Review : Leave Me

Leave Me

Leave Me
By Gayle Forman
Algonquin Books, Hardcover, 9781616206178, September, 6, 2016, 352pp.

The Short of It:

These days, busyness is a sickness and women who’ve battled with the concept of balance, will probably be able to relate to much of what this book is about. Unfortunately, the main character was a huge disappointment and the ending left me unsatisfied.

The Rest of It:

Maribeth Klein suffers a heart attack and doesn’t even realize it. In her mid-forties, the possibility doesn’t even occur to her. She goes about her day, working, running errands and meeting with friends until she can no longer ignore the increasing pain in her chest and arm. It’s only when the doctor at a routine appointment decides to err on the side of caution,  that she ends up in surgery.

After emergency bypass surgery, Maribeth wakes to a new reality. One that involves a limited diet, a long recovery and the fact that even though she is far from healed, she is still expected to do all the things she did before. This includes caring for her twins which is incredibly overwhelming to her. She becomes resentful towards her husband for not doing enough to help but at the same time, she plays martyr and insists on doing things herself.

Maribeth is a frustrating individual.

After her near death experience, she runs away from her obligations by pulling out cash, packing a bag and going off the grid for awhile. She sets up in another town, hooks up and flirts with her new cardiac specialist, decides to look for her birth mother because well, she’s adopted which is why she wasn’t aware of any heart issues and basically lives as “MB” without too much concern over what her disappearance is doing to her family back home.

Women, mothers in general, should try to put themselves first once in awhile. I wholeheartedly agree. We get swept up with the everyday stuff and it wears us down. BUT, Maribeth is married and leaves not only her husband but her two young children as well.

I was not okay with this.

This made Maribeth come off as arrogant and selfish which I am sure the author was not going for. Plus, the ending was as if even the author had had enough of MB. Turned a page, done. Like turning off a faucet.

I’ve read Forman’s work before. Although this book had a lot of potential it went south pretty early on. I was immediately pulled in but Maribeth was just not likable and so much of what she does and how she goes about doing it seemed too easy.

This is not a book I can recommend, except for it serving as a reminder to not be all things to all people.

Source: Review copy provided by the publisher via NetGalley.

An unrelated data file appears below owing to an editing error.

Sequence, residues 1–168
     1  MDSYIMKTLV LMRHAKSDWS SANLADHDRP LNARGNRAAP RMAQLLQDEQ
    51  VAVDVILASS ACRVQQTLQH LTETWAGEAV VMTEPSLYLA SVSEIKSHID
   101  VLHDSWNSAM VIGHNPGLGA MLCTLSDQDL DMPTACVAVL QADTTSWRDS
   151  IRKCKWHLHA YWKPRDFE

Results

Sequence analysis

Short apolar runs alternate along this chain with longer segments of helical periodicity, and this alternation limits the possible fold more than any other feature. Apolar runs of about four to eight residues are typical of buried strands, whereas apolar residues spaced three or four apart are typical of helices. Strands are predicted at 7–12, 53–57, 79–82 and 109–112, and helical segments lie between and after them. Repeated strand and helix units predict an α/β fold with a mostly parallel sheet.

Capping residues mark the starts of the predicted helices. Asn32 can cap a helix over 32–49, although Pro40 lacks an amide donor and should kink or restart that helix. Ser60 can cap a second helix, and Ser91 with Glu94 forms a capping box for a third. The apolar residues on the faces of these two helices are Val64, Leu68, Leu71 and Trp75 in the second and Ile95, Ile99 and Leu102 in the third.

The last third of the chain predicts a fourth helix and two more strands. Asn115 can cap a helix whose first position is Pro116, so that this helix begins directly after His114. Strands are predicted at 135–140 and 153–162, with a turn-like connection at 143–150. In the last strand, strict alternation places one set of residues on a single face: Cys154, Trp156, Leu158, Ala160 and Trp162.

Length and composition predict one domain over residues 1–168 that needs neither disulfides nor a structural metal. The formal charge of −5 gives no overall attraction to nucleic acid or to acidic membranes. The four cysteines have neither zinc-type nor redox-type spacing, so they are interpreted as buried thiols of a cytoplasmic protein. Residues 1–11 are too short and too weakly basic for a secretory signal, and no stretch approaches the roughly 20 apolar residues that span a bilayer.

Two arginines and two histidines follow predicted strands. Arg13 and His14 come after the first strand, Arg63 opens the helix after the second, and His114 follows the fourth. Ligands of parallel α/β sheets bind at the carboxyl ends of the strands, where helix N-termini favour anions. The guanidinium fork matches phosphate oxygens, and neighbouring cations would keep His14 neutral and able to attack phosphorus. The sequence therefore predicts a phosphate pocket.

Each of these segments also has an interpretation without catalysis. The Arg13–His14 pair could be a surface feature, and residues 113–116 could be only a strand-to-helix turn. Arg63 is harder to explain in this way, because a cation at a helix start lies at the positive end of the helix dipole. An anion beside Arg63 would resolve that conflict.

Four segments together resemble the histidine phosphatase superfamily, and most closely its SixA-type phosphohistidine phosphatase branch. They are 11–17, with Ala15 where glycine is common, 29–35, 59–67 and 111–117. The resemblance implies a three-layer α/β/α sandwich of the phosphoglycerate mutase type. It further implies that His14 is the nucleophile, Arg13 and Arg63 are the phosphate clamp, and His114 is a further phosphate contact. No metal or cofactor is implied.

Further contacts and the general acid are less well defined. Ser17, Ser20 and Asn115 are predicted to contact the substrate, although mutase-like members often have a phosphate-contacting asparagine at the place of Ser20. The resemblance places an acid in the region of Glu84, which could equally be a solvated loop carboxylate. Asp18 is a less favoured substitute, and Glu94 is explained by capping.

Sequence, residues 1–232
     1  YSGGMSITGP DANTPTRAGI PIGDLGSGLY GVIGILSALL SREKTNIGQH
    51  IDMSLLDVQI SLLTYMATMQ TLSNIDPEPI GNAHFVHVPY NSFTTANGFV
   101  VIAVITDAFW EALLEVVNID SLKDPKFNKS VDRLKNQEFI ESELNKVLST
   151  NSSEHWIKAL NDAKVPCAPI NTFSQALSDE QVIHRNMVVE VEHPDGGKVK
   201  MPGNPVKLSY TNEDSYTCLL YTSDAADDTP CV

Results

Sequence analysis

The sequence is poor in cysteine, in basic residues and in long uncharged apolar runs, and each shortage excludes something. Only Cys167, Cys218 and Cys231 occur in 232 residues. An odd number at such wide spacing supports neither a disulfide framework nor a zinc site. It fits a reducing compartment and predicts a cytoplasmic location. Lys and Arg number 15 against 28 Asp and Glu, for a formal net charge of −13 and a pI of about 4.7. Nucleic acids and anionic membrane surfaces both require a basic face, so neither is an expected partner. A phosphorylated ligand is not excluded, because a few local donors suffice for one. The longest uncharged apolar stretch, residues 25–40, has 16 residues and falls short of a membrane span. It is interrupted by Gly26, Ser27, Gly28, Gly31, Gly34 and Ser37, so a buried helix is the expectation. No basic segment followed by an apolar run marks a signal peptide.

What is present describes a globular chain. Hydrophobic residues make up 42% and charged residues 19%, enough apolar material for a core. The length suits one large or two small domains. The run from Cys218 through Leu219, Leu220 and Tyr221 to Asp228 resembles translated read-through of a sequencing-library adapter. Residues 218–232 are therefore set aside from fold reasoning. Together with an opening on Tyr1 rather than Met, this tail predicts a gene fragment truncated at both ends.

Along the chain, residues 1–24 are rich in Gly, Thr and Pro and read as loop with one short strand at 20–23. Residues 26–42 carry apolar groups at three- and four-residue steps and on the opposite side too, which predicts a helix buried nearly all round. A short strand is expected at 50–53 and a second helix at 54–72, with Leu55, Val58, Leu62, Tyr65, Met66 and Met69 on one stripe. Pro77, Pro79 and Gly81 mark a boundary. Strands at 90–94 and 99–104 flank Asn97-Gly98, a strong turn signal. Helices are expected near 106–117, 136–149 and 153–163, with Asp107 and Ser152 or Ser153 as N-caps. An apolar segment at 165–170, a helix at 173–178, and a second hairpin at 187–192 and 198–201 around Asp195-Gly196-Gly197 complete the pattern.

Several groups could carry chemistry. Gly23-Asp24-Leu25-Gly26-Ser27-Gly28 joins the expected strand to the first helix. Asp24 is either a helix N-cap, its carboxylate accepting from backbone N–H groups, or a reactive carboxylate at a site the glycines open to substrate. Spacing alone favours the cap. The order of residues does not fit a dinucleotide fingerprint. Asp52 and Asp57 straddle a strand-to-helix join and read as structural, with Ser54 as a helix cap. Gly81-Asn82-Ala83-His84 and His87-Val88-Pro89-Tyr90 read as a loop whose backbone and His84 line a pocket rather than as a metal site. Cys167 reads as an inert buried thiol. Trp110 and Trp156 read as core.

Disclosure: This post contains Indiebound affiliate links.

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15 thoughts on “Review : Leave Me”

  1. Ti, you know I agree with you on this book. I’ve read Forman’s work before and though I always found it fun, but predictable – this book was the worst. I hated MB and I hated how extremely SELFISH she was – how could she leave her little kids behind like that? I get that she wanted to take time for herself, but seriously!?! Ditching your family (your kids!!) is not the way to go. Such a disappointing read. I think your post is spot on.

    1. That’s the thing. Based on the beginning, I was thinking it was going to be really good. As you know, I am often very busy so I was immediately pulled in by MB’s situation but then it fell apart.

  2. Between Jenn and you, I decided to completely skip this one and have already informed the publisher that I would not be reviewing my e-galley. I hate infidelity, but it sounds like her selfishness at leaving her kids without a heads-up would infuriate me even more than the fact that she is stepping out on her husband without remorse.

    1. The title is supposed to refer to how she wanted her husband to leave her be but at the end, all I could think of were the kids and how they felt to have their mother walk out on them. Nope. Nope. Nope.

  3. Oh, bleh. Abandoning kids is one of those things that will immediately lose all my sympathy for a fictional character (male or female, I swear this is not a gendered thing, or at least not primarily). I’ll give this one a miss!

  4. Putting yourself first is one thing, putting yourself as only is another thing altogether when you’ve already got obligations. I’d definitely have a problem with a character that does that.

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